How to speak Silicon Valley: decoding tech bros from microdosing to privacy | US news | The Guardian
Every one of these is chef’s kiss.
Every one of these is chef’s kiss.
A profile of Codebar Brighton, with words of wisdom from Alice and Cassie.
The nature of human nature is that it changes. It can not, therefore, serve as a stable basis for evaluating the impact of technology. Yet the assumption that it doesn’t change serves a useful purpose. Treating human nature as something static, pure and essential elevates the speaker into a position of power. Claiming to tell us who we are, they tell us how we should be.
Kim Stanley Robinson explores the practicalities of E.O. Wilson’s Half Earth proposal.
There is no alternative way; there is no planet B. We have only this planet, and have to fit our species into the energy flows of its biosphere. That’s our project now. That’s the meaning of life, in case you were looking for a meaning.
Three authors pick their favourite book by Philip K Dick:
Hope is a belief that what we do might matter, an understanding that the future is not yet written.
Rebecca Solnit’s piece reminded me of something I mentioned a couple of year’s back when I referred to Margaret Atwood’s phrase “judicious hope”:
Hope sounds like such a wishy-washy word, like “faith” or “belief”, but it carries with it a seed of resistance. Hope, faith, and belief all carry connotations of optimism, but where faith and belief sound passive, even downright complacent, hope carries the promise of action.
Building a planet-sized telescope suggests all sorts of practical difficulties.
Details of The Guardian’s switch to HTTPS.
The devs at The Guardian walk through the process of building a progressive web app for the Olympics. There were some gotchas with the life cycle of service workers, but the pay-off was worth it:
Once you get there though, it’s quite magical when you load the page on a phone, switch it to airplane mode, reload, and continue using the app as though nothing was wrong.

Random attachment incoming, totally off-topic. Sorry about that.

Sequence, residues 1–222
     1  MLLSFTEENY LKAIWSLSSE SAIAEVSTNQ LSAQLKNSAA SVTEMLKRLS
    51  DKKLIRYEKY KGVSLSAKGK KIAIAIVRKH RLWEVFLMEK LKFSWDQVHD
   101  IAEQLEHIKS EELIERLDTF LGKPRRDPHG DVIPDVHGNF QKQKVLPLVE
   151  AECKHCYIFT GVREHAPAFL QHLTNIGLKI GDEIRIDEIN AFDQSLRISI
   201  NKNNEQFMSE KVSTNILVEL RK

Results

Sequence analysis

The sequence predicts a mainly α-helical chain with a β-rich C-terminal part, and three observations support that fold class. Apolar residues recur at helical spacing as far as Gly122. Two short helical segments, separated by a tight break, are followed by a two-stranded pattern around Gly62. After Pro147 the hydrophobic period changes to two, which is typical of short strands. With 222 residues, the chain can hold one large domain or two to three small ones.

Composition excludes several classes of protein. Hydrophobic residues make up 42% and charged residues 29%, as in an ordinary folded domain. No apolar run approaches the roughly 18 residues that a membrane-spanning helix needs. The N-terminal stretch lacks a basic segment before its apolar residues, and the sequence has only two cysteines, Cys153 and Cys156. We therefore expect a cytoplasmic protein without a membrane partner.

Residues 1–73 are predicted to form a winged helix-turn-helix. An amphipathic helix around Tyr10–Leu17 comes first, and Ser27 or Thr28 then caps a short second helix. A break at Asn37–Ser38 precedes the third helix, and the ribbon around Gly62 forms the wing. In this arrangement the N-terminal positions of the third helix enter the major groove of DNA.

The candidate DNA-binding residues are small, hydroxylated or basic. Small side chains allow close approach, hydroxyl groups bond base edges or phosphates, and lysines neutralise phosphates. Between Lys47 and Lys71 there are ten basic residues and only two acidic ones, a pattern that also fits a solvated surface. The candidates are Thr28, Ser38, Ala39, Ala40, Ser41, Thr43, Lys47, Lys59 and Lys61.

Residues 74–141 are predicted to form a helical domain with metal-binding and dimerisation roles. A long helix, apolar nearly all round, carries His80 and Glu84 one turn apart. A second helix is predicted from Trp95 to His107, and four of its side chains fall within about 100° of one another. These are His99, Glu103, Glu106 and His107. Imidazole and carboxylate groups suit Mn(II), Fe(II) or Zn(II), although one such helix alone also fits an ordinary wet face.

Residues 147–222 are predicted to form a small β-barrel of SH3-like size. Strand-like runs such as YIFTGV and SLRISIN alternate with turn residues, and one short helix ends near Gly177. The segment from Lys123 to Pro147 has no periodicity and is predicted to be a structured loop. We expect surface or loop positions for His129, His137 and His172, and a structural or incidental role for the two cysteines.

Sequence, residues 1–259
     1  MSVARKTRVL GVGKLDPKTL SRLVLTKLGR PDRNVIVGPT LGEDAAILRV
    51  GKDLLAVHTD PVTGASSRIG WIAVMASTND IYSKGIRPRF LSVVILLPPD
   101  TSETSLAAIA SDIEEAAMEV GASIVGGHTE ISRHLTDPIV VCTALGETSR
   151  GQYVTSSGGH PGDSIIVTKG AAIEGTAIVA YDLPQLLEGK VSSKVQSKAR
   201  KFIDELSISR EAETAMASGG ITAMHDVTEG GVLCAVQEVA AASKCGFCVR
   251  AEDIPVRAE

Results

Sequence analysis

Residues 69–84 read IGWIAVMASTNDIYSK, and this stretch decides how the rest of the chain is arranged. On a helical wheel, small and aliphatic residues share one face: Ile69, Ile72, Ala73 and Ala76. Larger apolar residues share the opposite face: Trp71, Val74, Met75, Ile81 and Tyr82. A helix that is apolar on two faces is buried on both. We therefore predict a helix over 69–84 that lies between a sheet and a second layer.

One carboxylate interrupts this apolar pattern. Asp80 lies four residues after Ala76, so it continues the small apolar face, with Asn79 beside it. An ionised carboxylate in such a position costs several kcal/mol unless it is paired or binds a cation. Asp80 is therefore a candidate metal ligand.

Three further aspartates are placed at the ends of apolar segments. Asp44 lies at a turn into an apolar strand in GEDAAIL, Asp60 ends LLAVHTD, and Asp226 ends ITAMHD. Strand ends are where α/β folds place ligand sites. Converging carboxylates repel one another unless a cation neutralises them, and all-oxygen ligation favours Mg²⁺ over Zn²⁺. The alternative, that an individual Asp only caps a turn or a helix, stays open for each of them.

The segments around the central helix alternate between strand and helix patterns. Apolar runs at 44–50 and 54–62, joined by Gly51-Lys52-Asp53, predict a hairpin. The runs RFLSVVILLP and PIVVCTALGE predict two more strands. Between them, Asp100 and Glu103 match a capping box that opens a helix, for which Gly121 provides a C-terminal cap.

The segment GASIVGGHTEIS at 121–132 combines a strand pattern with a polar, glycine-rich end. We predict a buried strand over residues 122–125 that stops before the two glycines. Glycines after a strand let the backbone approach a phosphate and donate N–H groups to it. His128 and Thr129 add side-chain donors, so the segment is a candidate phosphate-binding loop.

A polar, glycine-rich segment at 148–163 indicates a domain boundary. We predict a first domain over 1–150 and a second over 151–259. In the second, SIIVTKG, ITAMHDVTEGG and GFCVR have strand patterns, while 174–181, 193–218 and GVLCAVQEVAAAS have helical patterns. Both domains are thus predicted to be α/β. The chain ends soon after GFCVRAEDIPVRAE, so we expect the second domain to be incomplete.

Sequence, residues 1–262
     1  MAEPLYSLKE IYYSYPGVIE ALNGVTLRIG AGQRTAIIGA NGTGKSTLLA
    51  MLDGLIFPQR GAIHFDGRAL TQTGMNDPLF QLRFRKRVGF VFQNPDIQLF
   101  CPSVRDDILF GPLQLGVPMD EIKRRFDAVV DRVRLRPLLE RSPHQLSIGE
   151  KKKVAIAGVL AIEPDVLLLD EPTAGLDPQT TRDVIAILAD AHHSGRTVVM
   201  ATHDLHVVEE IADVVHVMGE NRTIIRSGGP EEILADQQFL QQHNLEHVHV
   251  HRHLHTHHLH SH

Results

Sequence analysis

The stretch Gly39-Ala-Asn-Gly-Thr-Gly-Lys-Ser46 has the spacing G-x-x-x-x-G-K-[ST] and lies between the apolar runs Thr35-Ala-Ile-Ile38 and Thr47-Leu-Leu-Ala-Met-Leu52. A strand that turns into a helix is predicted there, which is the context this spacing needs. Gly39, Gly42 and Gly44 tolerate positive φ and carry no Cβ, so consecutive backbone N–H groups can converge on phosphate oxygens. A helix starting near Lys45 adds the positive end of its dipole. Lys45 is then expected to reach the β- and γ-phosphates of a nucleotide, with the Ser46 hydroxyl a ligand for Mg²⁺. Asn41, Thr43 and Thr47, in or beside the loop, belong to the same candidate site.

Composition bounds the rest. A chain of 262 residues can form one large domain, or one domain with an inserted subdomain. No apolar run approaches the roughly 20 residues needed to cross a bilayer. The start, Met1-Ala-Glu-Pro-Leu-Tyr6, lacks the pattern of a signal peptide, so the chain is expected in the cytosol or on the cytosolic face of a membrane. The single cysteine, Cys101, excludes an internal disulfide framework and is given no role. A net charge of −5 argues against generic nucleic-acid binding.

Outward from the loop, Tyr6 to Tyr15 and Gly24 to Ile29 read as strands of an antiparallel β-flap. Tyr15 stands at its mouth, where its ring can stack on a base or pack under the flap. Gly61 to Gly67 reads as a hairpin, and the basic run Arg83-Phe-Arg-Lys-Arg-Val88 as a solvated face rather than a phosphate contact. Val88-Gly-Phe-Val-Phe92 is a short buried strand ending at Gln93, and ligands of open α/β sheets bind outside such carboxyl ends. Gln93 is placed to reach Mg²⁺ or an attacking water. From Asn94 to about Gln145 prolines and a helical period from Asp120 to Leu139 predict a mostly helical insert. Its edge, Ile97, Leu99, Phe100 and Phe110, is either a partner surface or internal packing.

I lived in Freiburg for years but I never knew of this story.
Two weeks ago, writer and artist Dennis Cooper was checking his Gmail when something peculiar happened: the page was refreshed and he was notified that his account had been deactivated – along with the blog that he’d maintained for 14 years.
This is why the Indie Web exists.
His advice to other artists who work predominantly online is to maintain your own domain and back everything up.
The history of Facebook’s attempt to steamroll over net neutrality in India …and how they failed in that attempt, thanks to a grassroots campaign.
Crucially, Facebook itself would decide which sites were included on the platform. The company had positioned Internet.org as a philanthropic endeavour — backed by Zuckerberg’s lofty pronouncements that “connectivity is a human right” — but retained total control of the platform.
The Guardian have hit the big red button and made their responsive site the default. Great stuff!
(top tip: don’t read the comments)
Steve Albini’s barnstorming keynote address at Melbourne’s Face the Music conference.
Watch the skies: James Bridle’s balloon will be hovering above London distributing wifi.
This is what Oliver was talking about Responsive Day Out 2 — a new approach to information architecture.
Cast off your sidebars! You have nothing to lose but your grids!
A great write-up of the design process behind The Guardian’s responsive site. It’s really gratifying to see UX designers talking about performance.
If you picked up the Guardian this weekend, you’ll have seen some brilliant work by Kyle on the cover (and inside) the magazine section.
A profile of Brian Aldiss in The Guardian.
I still can’t quite believe I managed to get him for last year’s Brighton SF.